Meet the Others: Carrie Jean Goldsmith
The Game Changers. The Rule Breakers. The Innovators. Discover some of the fantastic emerging talent showcasing their work at The Other Art Fair.
The Other Art Fair London exhibitor Carrie Jean Goldsmith layers oil paint to create both abstract and loosely representational artwork. She is influenced by her surroundings and her own physical and contemplative state. Here Carrie speaks to us about her background, process and her best snippet of advice for fellow artists.
Tell us about who you are and what you do. What is your background?
I’m Carrie Jean Goldsmith, Canadian born but living and working in the UK. My parents were also born in Canada, both to immigrant parents; British on my father’s side and Hungarian on my mother’s. It’s the mystery of my maternal grandmother’s life that has gone some way in informing my work; the palette and ambiguousness. She never wanted to discuss her past as she just wanted to fit in so, of course, I was extremely keen to glean what I could from her.
Long before studying and working as an artist I worked in the music business. Music is another passion of mine and I occasionally reference it in my titles.
I’m an expressionistic painter, working intuitively and gesturally but with an element of consciousness keeping me grounded and focussed.
If you could describe your work in 3 words, what would they be?
Palette, Intuition, Expression
How did you first get interested in your mediums and what draws you to them specifically?
I began my practice using acrylics because oils always seemed more complicated, however, I soon realised the joy of oil paint and the ability to manipulate it. I now have a practice where I incorporate many different mediums from acrylics and oils to charcoal, oil pastels, coloured inks etc.
Can you walk us through your process? How do you know when an artwork finished?
This is such a good question! When I look at the pieces I’m most happy with, they have all involved a moment where everything hung in the balance and if I had made one more mark I would have ruined it. Knowing when to down tools is so key and I’m still working at this all the time. ‘Tweaking’ never ends well for me; I have to go hard or go home and if it doesn’t work out, it’s time to move on. It’s not that every finished piece is the result of swift strokes and serendipity, there are times when I need to wait for a painting to dry while I get on with other pieces and then I’ll come back and add maybe 3-4 final strokes, just to finesse it. What I try not to do (anymore) is torture myself over something that is ‘almost there’ but not quite working. When this happens, I find it’s best to either start again or walk away and come back with fresh eyes.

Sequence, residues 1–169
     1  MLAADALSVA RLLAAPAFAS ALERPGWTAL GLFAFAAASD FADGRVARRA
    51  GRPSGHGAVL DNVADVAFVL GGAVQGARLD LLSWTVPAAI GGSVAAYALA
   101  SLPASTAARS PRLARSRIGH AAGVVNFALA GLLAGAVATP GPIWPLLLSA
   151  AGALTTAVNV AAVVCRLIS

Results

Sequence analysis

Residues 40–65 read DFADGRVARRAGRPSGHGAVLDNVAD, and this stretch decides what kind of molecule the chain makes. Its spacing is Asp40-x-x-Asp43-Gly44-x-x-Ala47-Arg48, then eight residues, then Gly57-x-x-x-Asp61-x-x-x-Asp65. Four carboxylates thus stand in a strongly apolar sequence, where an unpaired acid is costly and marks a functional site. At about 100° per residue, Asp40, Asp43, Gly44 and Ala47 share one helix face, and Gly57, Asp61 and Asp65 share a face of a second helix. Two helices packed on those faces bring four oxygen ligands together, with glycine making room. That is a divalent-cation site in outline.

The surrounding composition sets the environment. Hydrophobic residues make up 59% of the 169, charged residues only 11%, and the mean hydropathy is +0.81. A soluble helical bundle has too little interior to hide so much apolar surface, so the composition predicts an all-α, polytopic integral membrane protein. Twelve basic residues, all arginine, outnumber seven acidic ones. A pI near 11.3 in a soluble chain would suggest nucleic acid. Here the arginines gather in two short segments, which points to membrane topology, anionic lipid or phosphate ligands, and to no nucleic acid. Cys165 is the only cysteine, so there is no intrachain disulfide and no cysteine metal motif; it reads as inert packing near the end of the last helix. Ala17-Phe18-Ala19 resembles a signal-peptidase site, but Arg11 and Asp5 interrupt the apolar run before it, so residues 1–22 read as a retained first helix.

The number one question I ask myself with every painting is “do I want this?”, literally, would I want this painting myself and if the answer isn’t a resounding ‘yes!’ then it’s not good enough.
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Garden work! Putting together some new stretchers….☀️ . A whole new series of paintings on the go… . . Track is Ark by @hennessey_tk @talkingknots . #studio #practice #artist #canvas #garden #work #artpractice #create #abstractartist #alfresco #abstractart #preparation #painting #abstractpainting #carriejeangoldsmith #work #painting #prep #creative #passion #contemporaryart #modernart
Has being in isolation affected your artwork practice in any way?
To be honest, when lockdown first hit, I was pretty gutted as I felt like so much momentum was going to be lost but it has turned out to be an incredibly positive and productive time and, to be honest, I’ve loved being able to paint all day, every day. My routine in non ‘unprecedented’ (oh how I hate that overused word now!) times is not much different to lockdown. The thing I have really missed in relation to my practice, though, is going to exhibitions as I find it incredibly enriching and inspiring.
I’ve been involved with the Online Studios which has been a great success plus I’ve taken part in the Artist Support Pledge which has been incredibly positive.
What is the best advice given to you as an artist?
The best advice I’ve received wasn’t so much advice as something I read in a snippet from an Ivon Hitchen’s sketchbook many years ago. He mentioned the need for variation in line, direction, colour and the fact that he could recognise when something wasn’t working. This is in my head whenever I paint and I regularly take moments to consider it.
Shop artwork by Carrie Jean and other trailblazing artists at The Other Art Fair’s Online Studios.
Introducing The Other Art Fair Online Studios, a new online platform offering art lovers around the world access to over 800 Fair artists. The Online Studios will keep our community feeling inspired, engaged, and continue to spread joy through art.